Kirk is a software developer who has filled most roles on the software developer team. He is the author of Java Design: Objects, UML, and Process (Addison-Wesley, 2002) and he contributed to No Fluff Just Stuff 2006 Anthology (Pragmatic Bookshelf, 2006). His most recent book, Java Application Architecture: Modularity Patterns with Examples Using OSGi was published in 2012. Kirk is a DZone Zone Leader and has posted 77 posts at DZone. You can read more from them at their website. View Full User Profile

The Exciting Enterprise

04.27.2010
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Developing enterprise software is hard work. Bureaucracy. Large teams. Legacy systems. The list of challenges is immense. But enterprise development can also offer tremendous opportunity and reward. It can even be fun! I hope that at some point, you have the opportunity to experience this feeling.

The Exciting Enterprise

I worked here once. In the exciting enterprise. Working here was different. It was actually exciting. What made it different? Well, it was the process. Exciting process? What’s that? It’s the process that makes software development fun again, productive, meaningful, and satisfying.

So what kind of process is this, you ask? Iterative? Agile? RUP? XP? Scrum? Kanban? Hell no! We never talked process lingo. We didn’t care how agile people thought we were. We didn’t want to get caught up in the bureaucracy and political mayhem surrounding software process improvement. There was work to be done. That’s what we talked about. And then we did what we needed to do to get it done.

Not Always Easy

Working in the exciting enterprise wasn’t always easy though. It required stamina, determination, and discipline. There were lots of people who didn’t appreciate how we went about our business. We didn’t submit weekly status reports. We didn’t have the Gantt chart. Actually, we didn’t have a lot of things. But we had what we needed. To us, it all seemed like common sense. Of course, we had a very experienced team, and we knew what worked and what didn’t.

Plan driven? Predictive? Estimates? Models? Oh yeah…we had it all. We had a 18 month project road map. It was quite a plan. Took a small group of us about 1.5 days to develop. All on a single spreadsheet. Showed all the major systems that we’d retire right along with the new functionality that was going to come online. Probably could have gotten another three months of project time if we wanted to do more planning. But we had code to write.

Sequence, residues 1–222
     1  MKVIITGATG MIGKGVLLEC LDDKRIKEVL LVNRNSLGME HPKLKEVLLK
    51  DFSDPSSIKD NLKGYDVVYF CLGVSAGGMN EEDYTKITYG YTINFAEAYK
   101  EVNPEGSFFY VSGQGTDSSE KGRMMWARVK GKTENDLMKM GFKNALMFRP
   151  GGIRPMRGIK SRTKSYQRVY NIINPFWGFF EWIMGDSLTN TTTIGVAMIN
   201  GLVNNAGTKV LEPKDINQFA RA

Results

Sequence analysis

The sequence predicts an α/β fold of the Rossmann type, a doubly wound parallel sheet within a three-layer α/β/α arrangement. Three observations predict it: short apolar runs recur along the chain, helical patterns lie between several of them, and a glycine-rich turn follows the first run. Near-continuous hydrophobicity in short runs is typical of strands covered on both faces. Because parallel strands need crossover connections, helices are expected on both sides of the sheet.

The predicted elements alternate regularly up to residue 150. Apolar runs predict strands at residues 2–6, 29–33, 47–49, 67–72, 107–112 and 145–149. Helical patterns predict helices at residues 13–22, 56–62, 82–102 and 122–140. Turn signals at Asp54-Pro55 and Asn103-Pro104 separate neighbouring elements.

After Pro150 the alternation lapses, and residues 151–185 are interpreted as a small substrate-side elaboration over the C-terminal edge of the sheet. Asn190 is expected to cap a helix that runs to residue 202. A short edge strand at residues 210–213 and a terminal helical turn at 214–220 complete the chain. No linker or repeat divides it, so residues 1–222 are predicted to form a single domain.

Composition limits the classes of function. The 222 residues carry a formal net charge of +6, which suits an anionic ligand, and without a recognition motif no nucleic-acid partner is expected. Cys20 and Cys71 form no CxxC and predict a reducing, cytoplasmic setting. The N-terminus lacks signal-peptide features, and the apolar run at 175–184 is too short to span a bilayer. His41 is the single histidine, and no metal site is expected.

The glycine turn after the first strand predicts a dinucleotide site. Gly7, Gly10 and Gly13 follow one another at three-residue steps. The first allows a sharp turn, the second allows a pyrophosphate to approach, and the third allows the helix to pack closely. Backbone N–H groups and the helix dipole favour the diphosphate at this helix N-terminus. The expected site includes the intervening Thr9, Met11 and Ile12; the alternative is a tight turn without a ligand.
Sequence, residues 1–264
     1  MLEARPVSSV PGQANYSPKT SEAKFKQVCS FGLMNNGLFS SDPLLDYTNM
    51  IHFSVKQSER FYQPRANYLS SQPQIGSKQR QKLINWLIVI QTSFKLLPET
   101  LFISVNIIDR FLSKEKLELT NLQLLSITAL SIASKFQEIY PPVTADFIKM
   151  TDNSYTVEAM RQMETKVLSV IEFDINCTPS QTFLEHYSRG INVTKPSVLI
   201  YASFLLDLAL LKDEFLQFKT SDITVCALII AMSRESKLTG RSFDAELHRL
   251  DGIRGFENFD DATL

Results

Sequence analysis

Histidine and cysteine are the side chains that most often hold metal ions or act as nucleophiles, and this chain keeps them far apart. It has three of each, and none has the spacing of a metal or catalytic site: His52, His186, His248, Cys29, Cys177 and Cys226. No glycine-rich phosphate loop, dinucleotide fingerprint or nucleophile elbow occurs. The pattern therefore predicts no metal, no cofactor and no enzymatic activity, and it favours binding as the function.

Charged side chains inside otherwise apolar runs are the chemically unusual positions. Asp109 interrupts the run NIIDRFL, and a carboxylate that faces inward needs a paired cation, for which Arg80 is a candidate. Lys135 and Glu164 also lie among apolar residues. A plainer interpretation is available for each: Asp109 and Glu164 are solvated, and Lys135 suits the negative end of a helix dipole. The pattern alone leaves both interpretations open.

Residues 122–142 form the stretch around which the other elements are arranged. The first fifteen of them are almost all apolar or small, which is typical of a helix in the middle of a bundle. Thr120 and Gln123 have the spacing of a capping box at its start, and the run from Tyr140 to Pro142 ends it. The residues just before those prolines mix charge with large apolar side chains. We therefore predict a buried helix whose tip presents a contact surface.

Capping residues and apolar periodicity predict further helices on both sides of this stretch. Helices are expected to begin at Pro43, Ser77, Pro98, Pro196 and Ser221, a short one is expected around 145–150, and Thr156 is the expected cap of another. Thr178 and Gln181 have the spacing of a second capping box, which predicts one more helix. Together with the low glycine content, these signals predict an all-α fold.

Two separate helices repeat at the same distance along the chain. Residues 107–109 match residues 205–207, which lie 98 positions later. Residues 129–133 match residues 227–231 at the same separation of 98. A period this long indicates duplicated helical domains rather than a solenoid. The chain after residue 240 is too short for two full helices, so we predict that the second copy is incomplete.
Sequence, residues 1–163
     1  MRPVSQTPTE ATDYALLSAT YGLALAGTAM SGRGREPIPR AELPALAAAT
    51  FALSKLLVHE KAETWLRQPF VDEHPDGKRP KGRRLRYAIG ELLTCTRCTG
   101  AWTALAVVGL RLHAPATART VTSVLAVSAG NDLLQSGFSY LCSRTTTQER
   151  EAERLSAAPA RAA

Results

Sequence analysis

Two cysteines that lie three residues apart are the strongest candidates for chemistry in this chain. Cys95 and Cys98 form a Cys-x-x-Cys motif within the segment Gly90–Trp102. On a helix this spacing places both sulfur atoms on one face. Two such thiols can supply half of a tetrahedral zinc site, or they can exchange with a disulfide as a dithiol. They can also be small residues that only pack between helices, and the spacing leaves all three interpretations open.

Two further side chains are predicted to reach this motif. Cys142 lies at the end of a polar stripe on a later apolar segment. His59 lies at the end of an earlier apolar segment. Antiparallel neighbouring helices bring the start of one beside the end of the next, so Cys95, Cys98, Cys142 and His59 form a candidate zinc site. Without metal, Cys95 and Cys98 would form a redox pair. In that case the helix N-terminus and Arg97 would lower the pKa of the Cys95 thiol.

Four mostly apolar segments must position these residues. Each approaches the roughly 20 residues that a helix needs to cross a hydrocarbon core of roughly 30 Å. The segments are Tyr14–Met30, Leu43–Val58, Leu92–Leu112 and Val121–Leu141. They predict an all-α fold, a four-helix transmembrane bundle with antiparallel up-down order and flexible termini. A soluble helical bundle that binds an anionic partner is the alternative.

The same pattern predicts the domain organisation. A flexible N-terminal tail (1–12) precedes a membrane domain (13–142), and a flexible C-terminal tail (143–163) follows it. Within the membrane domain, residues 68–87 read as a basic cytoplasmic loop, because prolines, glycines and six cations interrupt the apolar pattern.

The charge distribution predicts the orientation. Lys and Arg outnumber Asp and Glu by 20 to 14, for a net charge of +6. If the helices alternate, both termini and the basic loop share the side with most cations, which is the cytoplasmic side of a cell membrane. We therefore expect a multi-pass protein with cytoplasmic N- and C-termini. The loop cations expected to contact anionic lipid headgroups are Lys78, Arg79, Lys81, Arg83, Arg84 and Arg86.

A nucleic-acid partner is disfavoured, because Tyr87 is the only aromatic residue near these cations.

Oh That Build

Code? But what about the requirements? Yep. Gathered them as we went. And when developers had questions, they asked them. Right to the customers face too. Blasphemy! The business analyst working with the developers. Those BAs were awesome too. They worked real hard to clear any confusion. Made sure developers always had what they needed. And we got ‘em as quickly as we could handle them. A steady stream of requirements flowing in and right back out as an executable piece of software.

Oh sure, it wasn’t always easy. We had lots of important checkpoints along the way to make sure we were on the right track. Weekly checkpoints. Daily checkpoints. Hourly checkpoints. Developers and customers sitting in a room together to see what we’d gotten done the past week. Continuous deployment to an environment where folks could actually use the software. Hourly builds that made sure we never strayed too far from a working system.

I still think about that build. Actually, it was more than a build. It was a piece of frickin’ art. That build was the coolest piece of process I’ve ever seen. It was staged. It was fast. It did pretty much anything we asked it to do. It never got in our way. It just went on it’s merry way, building our system. Hourly. Every hour. Automatically. It was the glue that held the team together as we grew in size from a fledgling crew of six developers to upwards of 100 at times.

We protected that build. When somebody cause it to fail, they’d feel the wrath. Eventually, they all grew to love what it could do. Honestly, what choice did we have if we wanted to ensure we could have weekly checkpoints throughout the process? The only way to pull it off was to emphasize software that works. It always had to work. ALWAYS! Guard the source. The prime directive - software that works!

The Source

Now don’t get me wrong. We had documentation. We had lots of documentation. Some of it was pretty nice looking stuff too. But we weren’t afraid to let it go. Let it serve it’s purpose and then move onto what was real important…the source code. What else really matters, anyway? All the pretty documents, models and plans don’t amount to a hill of beans if the source code isn’t provably correct. That was our focus. It was the teams focus. And we guarded that source code very closely.

Improving the Right Process

I look back now. An 18 month project. A team that clicked. Not just a development team. A team. Including the customers. Honestly, we didn’t just build a piece of software, though. We improved the process. We automated it. We optimized it. No, I’m not talking about the software process. I mean the business process! That’s what made it so cool…

From http://techdistrict.kirkk.com/2010/04/26/the-exciting-enterprise/

Published at DZone with permission of its author, Kirk Knoernschild.
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Eran Harel replied on Mon, 2010/05/03 - 9:24am

This is how SW development should look like :D

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